First, Hong Kong is the best place to get the traditional stuff. You can't find a better siu mai, cheong fun or har gao anywhere else, and that's a fact of life.
Second, they're not afraid to experiment. They're not content to rest on their laurels, or maybe they're just sick and tired of the same ol' dishes. Whatever their motivation, the results are fantastic.
In short, in Hong Kong dim sum has been elevated to an art form that harmonizes elements of the old and the new. And in Tsim Sha Tsui, you can eat-all-you-can of this art form at Dim Sum Bar in Harbour City.
We were very fortunate that Dim Sum Bar had a promo for the month of August-- only HK$168 for adults, HK$98 for kids. They have six pages of dishes on offer, and everything is cooked to order.
|King's dumplings in lobster bisque. 5/5
|Baked abalone and chicken pastry. 4.5/5
|Steamed pork and shrimp siu mai. 4/5
|Braised noodles with minced pork and XO sauce. 3.5/5
|Deep-fried taro dumpling with chicken and dried shrimp. 4/5
|Steamed cheong fun with Chinese cruller, sun-dried scallops, dried shrimps and shallots. 4.25/5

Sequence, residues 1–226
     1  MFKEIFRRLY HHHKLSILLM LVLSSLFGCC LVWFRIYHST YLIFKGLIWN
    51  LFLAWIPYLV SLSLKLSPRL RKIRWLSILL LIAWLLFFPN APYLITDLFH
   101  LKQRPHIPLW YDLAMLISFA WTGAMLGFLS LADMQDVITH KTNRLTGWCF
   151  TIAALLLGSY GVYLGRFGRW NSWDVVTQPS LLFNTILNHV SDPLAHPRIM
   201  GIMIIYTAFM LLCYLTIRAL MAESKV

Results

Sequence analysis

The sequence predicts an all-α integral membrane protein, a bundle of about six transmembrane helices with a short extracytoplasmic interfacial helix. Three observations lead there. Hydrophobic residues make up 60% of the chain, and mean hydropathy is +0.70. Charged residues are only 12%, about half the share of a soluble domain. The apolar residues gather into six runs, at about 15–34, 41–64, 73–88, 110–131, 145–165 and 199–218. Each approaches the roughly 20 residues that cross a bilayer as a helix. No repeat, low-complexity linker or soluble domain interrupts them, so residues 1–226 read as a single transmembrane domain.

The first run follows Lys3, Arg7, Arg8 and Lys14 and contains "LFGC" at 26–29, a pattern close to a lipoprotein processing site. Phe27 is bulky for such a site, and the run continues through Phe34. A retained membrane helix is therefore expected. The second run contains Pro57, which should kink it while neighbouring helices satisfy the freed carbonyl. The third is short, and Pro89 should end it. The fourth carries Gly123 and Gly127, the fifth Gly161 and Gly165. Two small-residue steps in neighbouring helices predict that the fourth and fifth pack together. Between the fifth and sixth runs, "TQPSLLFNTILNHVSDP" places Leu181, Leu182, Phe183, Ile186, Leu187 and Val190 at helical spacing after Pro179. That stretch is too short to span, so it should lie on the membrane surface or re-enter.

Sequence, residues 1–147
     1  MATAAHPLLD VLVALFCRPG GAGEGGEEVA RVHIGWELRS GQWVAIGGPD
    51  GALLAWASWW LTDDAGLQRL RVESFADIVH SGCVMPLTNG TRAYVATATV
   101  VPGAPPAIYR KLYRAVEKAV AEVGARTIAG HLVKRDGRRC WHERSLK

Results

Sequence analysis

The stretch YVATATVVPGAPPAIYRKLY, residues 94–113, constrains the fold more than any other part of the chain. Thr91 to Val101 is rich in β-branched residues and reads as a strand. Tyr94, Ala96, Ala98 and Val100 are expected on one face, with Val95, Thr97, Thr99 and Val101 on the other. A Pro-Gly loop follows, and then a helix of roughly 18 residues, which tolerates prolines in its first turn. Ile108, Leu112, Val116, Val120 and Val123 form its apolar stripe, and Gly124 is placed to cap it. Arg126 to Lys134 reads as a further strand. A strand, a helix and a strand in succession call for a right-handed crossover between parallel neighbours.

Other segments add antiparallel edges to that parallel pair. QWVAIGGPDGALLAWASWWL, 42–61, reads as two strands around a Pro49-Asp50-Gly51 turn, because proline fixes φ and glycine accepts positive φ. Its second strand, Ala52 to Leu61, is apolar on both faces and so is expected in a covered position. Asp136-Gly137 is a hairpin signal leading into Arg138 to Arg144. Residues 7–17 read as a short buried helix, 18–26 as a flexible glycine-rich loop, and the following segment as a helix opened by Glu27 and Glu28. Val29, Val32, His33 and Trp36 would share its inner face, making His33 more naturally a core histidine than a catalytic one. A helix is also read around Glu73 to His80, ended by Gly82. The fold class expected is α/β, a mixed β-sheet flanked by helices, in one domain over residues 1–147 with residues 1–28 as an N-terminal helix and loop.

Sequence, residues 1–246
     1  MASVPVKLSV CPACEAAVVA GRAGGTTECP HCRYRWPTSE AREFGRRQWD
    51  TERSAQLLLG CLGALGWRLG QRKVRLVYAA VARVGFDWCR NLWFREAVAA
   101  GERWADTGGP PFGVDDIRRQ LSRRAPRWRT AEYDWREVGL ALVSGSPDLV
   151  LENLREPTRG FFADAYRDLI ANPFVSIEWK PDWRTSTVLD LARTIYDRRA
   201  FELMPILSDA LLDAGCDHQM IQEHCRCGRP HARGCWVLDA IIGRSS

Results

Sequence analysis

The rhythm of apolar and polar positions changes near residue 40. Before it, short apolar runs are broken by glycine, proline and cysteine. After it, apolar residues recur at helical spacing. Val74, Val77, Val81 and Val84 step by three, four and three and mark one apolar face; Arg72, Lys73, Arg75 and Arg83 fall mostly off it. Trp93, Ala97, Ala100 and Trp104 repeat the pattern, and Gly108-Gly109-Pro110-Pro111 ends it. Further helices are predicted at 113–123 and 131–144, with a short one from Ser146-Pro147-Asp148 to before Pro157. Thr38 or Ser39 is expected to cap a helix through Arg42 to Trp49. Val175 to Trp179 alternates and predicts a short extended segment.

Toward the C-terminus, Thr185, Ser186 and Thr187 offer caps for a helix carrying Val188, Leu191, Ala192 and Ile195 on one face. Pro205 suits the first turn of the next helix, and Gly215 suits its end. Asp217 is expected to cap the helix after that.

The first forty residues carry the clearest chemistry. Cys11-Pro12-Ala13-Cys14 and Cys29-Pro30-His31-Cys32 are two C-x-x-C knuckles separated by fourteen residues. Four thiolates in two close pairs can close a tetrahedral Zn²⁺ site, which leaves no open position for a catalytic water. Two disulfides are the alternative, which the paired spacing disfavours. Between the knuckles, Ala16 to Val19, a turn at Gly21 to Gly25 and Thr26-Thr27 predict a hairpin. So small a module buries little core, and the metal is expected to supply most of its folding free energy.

|The cheong fun came with an interesting peanut and hoi sin dipping sauce.
|Baked barbecued pork buns. 3.75/5
|Pretty good, but I prefer the "normal" flaky pastry bun.
|Baked almond cream buns. 4/5
|Baked pudding with lotus seed paste and sago. 4.5/5
|Chilled creamy egg pudding. 3/5
|Watermelon pudding. 5/5
Verdict: As you can see from the scores, my favorites were the amazing steamed shrimp dumpling/ lobster bisque dish, and the beautiful watermelon pudding. The former was an absolutely flawless rendition of har gao (perfectly translucent skin! tasty filling with plump whole shrimp!) married with a lightly briny lobster essence. Each component was excellent on its own, but together they were so wonderful that they brought tears to my eyes.
The latter was a playful take on a childhood favorite. Who doesn't like pudding? But to form the jelly inside a watermelon and then serve it in slices, just like a real watermelon with the rind-- genius! This dessert is worth the 15 minutes we spent searching inside Harbour City before we found Dim Sum Bar outside the shopping mall, across the main building.
The siu mai, noodles, taro dumplings and egg pudding were comforting and familiar, while the abalone and chicken pastry, cheong fun with crullers inside, and baked buns were unusual and exciting. This meal made me very happy.
Having tried only 20% of their menu, I would definitely go back. Next time I want to have some congee with pork ribs, sun-dried vegetables and dried mini oysters, crispy roasted duck spring rolls, steamed minced beef balls with sliced bean curd, chrysanthemum jelly pudding, and baked chocolate buns.
Dim Sum Bar's website